As a physician and psychiatrist, I am especially appalled by the on-going health consequences of smoking. During my training in psychiatry at the University of California Los Angeles, I spent several months on medical rotations at the Veterans Administration Hospital in West Los Angeles. At the time, 60 percent of all people enrolled for services were smokers. On some days, literally every single patient I treated was suffering from the adverse effects of cigarette smoking.

I have witnessed pain and suffering of unimaginable proportions caused by the effects of smoking: people riddled with lung cancer or other tumors throughout their bodies… or paralyzed from a stroke… or unable to breathe and gasping for air due to emphysema… or experiencing excruciating pain due to their unstable angina… or admitted for a heart attack… or having a limb amputated due to poor circulation… or having liters of fluid drained daily from the lining of their lungs due to a spreading cancer… or hallucinating from tumors that had spread to their brain from elsewhere in the body…or suffering from numerous debilitating illnesses. I know that smoking directly caused all of that suffering. And I know this horrifying reality repeats itself daily in almost every hospital around the world.

Indeed, the 4,000 chemicals released when a cigarette is smoked cause damage throughout the body. By now, we’ve learned that smoking cigarettes causes lung cancer, but did you know that smoking also contributes to blindness, osteoporosis, infertility, and impotence? And that smoking during pregnancy results in more than 1,000 infant deaths in the U.S. annually?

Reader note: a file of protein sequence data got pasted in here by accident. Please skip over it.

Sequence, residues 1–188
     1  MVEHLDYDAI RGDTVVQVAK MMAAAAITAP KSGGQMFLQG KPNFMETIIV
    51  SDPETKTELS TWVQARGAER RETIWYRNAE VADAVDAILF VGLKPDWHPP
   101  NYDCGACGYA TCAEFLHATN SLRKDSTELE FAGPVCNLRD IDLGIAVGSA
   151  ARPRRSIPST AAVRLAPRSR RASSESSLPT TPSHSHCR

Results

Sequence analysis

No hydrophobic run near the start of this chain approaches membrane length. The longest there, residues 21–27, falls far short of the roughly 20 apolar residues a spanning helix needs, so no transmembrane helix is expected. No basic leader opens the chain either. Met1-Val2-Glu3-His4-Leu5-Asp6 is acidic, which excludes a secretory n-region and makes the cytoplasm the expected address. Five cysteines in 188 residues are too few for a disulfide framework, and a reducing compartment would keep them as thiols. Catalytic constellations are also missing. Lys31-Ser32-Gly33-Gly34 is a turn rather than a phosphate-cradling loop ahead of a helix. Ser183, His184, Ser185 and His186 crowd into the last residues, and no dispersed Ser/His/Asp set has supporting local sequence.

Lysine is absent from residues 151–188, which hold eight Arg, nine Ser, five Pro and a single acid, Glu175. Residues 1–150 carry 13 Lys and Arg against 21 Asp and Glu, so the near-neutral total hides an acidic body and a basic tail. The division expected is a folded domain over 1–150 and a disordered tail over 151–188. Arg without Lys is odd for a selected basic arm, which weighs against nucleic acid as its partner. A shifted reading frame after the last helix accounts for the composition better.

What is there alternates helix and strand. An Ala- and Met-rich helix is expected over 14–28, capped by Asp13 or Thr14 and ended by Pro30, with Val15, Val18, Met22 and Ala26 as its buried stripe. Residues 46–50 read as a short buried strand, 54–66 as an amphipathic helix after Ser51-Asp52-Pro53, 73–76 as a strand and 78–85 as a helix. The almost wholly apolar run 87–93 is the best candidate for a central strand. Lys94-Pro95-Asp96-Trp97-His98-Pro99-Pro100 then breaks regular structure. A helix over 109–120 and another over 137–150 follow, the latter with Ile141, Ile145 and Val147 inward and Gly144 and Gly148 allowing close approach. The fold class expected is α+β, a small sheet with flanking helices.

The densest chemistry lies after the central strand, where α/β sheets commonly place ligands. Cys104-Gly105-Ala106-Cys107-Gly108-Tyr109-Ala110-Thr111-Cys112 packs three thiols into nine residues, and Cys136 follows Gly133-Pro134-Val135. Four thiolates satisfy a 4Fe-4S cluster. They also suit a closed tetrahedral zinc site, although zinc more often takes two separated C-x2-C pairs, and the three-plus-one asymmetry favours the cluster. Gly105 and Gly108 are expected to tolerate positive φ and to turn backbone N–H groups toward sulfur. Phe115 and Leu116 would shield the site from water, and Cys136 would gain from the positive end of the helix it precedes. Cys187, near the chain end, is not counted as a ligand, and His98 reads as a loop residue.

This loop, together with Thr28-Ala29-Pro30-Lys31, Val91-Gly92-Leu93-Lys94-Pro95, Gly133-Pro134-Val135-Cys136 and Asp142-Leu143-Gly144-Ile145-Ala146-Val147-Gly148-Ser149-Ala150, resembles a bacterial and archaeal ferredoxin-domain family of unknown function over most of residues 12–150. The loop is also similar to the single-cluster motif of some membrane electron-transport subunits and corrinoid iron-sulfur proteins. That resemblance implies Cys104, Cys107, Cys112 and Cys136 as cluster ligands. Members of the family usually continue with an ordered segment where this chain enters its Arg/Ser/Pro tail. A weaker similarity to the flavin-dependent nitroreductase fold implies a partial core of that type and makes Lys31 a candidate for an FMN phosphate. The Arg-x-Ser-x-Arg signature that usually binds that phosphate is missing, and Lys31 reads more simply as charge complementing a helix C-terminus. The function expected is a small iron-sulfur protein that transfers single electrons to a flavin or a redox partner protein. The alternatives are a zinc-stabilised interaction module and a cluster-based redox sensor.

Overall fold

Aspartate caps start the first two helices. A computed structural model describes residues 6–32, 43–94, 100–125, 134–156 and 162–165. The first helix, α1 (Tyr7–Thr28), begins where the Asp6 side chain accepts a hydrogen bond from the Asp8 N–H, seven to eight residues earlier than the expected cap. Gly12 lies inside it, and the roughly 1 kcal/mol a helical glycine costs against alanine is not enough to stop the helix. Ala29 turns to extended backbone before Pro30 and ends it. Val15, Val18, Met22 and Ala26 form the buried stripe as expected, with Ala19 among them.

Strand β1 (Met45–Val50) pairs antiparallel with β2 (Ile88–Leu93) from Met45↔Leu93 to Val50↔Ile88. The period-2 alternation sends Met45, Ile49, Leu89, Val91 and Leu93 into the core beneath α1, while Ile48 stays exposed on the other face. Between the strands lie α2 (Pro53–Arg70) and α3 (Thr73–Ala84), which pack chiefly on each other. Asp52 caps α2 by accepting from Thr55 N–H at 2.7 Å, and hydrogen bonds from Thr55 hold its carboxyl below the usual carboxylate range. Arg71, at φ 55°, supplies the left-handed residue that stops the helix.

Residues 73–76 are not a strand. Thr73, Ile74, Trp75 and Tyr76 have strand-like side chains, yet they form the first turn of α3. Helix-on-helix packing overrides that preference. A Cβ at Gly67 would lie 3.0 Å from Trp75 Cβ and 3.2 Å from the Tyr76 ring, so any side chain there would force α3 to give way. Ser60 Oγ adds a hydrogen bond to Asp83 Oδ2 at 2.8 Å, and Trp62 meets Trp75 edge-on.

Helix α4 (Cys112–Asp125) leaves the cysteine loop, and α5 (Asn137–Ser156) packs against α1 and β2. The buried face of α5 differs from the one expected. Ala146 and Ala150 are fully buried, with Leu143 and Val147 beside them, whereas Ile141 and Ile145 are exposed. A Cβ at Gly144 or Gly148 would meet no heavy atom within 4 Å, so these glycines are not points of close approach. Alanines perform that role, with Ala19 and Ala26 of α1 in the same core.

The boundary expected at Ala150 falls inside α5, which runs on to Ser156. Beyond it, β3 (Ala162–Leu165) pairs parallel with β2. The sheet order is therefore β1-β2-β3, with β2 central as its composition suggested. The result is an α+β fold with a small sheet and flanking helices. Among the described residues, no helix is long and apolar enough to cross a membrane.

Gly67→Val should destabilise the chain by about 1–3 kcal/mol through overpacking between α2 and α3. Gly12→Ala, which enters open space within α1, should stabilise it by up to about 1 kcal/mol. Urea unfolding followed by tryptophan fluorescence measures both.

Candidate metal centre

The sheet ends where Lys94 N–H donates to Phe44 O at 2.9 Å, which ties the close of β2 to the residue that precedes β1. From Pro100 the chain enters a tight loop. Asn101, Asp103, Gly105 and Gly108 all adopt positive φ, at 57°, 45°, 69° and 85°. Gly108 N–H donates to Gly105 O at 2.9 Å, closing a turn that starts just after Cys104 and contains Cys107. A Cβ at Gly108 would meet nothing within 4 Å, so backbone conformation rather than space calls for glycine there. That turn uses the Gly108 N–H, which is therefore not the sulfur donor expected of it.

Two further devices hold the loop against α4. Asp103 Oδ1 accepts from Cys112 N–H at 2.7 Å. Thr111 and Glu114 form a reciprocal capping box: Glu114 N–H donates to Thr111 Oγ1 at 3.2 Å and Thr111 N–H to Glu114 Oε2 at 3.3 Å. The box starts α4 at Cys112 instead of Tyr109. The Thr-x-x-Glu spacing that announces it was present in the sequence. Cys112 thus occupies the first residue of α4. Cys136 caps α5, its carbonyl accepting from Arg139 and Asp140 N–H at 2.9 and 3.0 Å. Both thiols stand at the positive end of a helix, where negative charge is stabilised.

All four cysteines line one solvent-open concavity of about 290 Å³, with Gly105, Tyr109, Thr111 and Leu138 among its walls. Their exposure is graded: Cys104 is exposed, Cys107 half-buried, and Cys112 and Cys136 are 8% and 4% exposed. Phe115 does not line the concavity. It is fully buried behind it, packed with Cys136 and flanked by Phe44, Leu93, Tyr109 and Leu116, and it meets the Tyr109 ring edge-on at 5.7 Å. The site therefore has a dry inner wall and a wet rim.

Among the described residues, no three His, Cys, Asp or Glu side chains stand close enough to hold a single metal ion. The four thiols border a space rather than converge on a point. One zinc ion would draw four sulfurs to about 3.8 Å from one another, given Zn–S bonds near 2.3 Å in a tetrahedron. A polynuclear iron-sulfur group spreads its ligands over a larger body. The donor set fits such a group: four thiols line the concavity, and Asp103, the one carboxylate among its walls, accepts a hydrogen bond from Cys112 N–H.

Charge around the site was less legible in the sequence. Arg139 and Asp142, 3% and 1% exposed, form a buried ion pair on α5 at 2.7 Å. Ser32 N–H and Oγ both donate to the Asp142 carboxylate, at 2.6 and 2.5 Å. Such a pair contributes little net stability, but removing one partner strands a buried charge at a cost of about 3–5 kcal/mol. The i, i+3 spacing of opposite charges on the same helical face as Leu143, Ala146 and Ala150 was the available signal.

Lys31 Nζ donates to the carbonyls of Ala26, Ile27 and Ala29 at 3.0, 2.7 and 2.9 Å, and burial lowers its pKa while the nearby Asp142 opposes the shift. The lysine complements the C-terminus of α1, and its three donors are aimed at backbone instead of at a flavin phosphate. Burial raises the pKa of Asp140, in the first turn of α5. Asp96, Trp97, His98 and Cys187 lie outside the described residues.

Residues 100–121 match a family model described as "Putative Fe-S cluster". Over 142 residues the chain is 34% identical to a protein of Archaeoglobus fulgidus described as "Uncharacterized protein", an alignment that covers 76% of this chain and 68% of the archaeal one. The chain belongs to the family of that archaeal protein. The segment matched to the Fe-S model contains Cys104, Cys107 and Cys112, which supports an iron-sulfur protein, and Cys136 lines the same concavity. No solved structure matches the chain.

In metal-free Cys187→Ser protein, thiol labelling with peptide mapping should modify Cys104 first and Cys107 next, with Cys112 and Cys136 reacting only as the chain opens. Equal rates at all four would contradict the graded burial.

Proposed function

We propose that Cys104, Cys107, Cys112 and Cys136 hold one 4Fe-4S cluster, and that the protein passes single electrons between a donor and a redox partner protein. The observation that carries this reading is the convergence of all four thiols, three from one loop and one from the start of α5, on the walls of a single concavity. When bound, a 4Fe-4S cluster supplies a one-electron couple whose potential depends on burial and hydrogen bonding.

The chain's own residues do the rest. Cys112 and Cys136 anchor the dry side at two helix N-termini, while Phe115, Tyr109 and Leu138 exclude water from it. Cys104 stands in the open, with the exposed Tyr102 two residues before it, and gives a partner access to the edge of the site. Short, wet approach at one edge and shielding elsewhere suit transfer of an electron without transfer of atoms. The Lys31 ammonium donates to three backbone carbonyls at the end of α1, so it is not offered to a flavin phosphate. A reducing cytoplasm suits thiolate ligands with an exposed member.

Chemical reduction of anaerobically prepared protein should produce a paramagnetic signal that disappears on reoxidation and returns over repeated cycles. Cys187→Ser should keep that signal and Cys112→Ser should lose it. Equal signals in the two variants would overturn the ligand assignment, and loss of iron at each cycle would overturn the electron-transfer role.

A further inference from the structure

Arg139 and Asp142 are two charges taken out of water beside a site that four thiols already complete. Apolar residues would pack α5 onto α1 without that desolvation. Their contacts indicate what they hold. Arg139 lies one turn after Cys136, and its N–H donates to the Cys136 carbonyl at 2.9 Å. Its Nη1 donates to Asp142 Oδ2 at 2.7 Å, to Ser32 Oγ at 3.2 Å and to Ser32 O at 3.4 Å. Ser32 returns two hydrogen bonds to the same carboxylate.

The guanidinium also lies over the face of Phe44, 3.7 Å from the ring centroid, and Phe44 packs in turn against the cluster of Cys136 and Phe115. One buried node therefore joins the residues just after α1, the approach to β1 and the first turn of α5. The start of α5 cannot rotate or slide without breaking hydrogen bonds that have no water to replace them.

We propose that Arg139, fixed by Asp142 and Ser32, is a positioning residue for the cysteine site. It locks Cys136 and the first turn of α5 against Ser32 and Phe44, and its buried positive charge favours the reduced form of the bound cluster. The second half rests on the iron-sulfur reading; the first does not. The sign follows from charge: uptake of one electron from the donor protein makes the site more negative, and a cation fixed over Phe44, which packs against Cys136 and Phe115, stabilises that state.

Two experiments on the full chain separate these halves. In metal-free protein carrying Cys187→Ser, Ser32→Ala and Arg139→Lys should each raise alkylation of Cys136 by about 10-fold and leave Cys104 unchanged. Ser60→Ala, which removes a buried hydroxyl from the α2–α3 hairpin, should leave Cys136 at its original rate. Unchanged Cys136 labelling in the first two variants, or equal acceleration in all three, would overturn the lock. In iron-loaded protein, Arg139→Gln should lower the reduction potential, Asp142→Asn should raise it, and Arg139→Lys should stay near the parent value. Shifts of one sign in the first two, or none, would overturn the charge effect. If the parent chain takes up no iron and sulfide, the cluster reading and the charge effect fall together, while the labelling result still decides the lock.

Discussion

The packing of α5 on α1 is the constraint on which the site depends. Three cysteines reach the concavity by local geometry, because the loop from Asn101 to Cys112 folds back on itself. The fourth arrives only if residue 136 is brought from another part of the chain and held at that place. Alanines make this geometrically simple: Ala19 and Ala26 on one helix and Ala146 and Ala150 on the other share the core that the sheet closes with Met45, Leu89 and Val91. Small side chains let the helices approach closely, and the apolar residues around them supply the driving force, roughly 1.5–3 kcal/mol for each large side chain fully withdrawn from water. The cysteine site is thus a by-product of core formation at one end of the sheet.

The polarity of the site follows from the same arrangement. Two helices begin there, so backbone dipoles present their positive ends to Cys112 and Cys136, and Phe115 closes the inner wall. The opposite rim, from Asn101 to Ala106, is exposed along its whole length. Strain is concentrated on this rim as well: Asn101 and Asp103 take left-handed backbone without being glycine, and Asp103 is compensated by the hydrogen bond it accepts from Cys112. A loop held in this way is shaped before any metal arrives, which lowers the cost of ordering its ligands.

People in our society worry about pesticides, food additives, unsafe drinking water, and West Nile virus, but those issues pale in comparison to the damage perpetrated on the public by cigarette smoking. In contrast, the public raged when deadly accidents due to defective Firestone tires on Ford automobiles killed about 200 people in the 1990s. But how can we compare 200 to the 400,000 American smokers who die before their time each year?

Here’s what I really want to know: Why aren’t we more upset about this?

Defining “Holocaust”

Totality of destruction, especially by fire, has been central to the meaning of the word “holocaust” since it first appeared in Middle English in the 14th century. It’s defined as “great destruction resulting in the extensive loss of human life” (in this case by smoke, not fire, and solely for economic gain). The term can apply to what we’re seeing today as a result of Big Tobacco’s influence on our world. That’s why I’ve chosen to use the phrase Tobacco Holocaust in the title of the book.